(1936 - 2019)
Brother Hare fervently believed his father was the best lawyer he ever knew. It would be equally true to believe that Brother was the best lawyer his father ever knew. After a sudden onset of pneumonia, Brother died peacefully Friday night, surrounded by his family.
A tireless worker most of his life, Brother was double-promoted twice during high school. He was the youngest student in law school his second year at UVA where he was a member of the same legal fraternity as Ted Kennedy (which made him the frequent recipient of Charlottesville Society party invitations and oh-by-the-way, do you think Ted can make it too?).
Brother earned his undergraduate degree at the University of Alabama where he chose to enroll one day in August after high school, when three of his best friends drove-up and asked if hed like to join them. A rabid Tide fan, he also loved Auburn in part because his fathers uncle was the Cliff whose name is still on Jordan Hare stadium. Needless to say, his decision to attend the University was not particularly popular at home.
While the Saban years were a continual source of joy and conversation, few topics made Brother more passionate than the law where his impact on the protection of consumers from dangerous products was profound and far-reaching. During the 1960s, he successfully represented numerous crash victims of defective helicopter designs. A pilot stationed at the Anniston Army Depot once told Brother that he and his fellow pilots had his name and number taped inside their lockers.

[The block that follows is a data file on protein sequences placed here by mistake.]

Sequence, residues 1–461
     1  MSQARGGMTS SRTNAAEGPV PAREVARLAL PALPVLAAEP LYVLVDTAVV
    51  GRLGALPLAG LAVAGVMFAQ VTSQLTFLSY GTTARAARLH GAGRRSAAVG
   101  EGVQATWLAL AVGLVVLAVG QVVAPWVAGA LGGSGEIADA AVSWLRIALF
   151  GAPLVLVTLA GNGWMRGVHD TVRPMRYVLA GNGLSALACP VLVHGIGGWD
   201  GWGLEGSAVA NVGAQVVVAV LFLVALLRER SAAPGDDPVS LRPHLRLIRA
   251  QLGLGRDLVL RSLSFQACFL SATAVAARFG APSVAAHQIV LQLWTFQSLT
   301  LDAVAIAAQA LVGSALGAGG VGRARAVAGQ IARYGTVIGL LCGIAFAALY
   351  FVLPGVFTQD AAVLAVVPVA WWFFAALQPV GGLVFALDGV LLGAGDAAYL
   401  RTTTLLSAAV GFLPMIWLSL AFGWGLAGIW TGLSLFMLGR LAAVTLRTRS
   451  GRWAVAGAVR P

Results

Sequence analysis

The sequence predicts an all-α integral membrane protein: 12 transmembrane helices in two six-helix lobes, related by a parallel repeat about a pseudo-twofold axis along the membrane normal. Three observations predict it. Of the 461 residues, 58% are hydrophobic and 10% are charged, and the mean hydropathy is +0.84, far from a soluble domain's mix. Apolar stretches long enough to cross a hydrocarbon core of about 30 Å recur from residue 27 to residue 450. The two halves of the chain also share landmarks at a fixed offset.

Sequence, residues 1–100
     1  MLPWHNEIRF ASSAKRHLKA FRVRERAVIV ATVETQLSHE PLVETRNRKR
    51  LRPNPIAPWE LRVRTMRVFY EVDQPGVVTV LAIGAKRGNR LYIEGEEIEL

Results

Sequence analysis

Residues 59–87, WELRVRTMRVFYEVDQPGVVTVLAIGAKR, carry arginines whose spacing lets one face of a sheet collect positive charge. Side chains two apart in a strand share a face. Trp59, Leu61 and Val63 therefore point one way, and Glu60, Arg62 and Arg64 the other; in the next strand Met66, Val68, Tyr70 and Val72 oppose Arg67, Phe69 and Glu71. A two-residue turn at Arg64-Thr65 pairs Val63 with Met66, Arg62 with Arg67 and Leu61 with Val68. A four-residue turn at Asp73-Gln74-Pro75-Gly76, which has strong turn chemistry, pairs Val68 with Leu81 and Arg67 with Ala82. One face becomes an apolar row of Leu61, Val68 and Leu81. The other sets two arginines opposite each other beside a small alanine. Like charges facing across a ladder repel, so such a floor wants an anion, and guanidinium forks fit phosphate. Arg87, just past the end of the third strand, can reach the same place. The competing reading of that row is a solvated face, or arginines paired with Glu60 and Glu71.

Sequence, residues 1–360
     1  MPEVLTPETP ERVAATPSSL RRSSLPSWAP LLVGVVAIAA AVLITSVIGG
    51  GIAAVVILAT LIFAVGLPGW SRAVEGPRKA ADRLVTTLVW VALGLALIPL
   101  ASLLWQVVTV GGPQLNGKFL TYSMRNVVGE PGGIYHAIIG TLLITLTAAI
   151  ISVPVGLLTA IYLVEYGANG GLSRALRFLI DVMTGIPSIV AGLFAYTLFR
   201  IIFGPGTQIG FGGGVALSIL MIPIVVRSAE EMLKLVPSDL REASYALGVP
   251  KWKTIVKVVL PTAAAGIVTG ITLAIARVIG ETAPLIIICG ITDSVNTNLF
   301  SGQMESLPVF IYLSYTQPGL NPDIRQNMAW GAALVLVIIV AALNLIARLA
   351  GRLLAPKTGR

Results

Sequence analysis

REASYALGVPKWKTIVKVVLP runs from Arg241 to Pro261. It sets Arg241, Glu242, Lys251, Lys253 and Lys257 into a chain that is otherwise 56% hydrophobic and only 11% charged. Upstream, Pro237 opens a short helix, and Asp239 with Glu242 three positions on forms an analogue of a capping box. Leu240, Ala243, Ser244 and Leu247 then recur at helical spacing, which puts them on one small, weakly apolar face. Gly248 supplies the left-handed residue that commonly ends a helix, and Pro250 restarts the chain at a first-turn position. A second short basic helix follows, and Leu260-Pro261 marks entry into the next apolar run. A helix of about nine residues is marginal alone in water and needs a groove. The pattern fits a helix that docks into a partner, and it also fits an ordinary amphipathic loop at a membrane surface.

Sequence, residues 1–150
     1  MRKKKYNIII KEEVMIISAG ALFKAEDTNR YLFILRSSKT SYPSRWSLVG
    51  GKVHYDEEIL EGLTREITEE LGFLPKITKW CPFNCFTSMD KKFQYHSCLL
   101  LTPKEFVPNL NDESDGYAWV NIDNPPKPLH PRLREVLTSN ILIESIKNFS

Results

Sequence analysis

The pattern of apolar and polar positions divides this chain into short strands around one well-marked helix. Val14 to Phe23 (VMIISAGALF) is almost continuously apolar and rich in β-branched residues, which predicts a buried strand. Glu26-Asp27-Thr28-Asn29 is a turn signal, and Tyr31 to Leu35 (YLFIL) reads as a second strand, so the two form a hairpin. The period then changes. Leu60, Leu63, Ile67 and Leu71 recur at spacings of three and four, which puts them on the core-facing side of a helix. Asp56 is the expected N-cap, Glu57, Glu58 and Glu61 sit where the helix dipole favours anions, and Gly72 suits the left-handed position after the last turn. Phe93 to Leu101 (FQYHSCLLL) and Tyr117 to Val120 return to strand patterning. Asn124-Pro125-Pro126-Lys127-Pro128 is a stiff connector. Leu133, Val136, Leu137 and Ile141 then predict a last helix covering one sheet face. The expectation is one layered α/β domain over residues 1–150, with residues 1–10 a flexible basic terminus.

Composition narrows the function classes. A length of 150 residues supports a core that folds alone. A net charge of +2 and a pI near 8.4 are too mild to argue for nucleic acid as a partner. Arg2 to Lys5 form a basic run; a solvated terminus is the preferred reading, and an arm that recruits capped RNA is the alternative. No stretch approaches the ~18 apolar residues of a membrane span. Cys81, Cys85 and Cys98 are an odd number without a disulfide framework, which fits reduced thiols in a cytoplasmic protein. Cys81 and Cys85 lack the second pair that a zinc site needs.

In the early 1970s Brother tried, to completion, the first lawsuit against the Pinto which Ford Motors sold knowing its gas tank had ruptured repeatedly during rear-end-crash tests, some as low as 15 mph. He was later hired as a primary consultant on the landmark 1978 Pinto case (Grimshaw v. Ford) which resulted in the largest initial monetary verdict for a products liability lawsuit in history, to that point.
Brothers experience in holding Ford accountable for its willful neglect of consumer safety particularly the companys persistent efforts to bury and/or destroy information it was legally obligated to disclose inspired him to create the Attorneys Information Exchange Group (AIEG) in the early 1980s. Still thriving today, the AIEG is a national organization dedicated to sharing information and ideas among member attorneys serving clients whove been affected by dangerous and defective products.
After the Grimshaw case, Brother stepped-back from courtroom law. He focused the last decades of his career on writing (everything from appellate briefs and legal-topic monographs to textbooks on the practice of Products Liability Law), with occasional teaching service as an adjunct professor both at UA and Cumberland Law Schools.
Away from the office, Brother was an avid fan of mysteries print, film and televised. His knowledge of mystery books and authors was literally encyclopedic: One of his great personal projects after retiring was the compilation of an exhaustive catalog on the topic one which employed daggers, rather than stars, for a rating system.
He was famous among family and friends for his sense of humor and skill in telling stories nearly all of which became better and more awe-inspiring with each retelling. In his own parlance, Brother could be accurately described as the single greatest exaggerator in the history of humanity.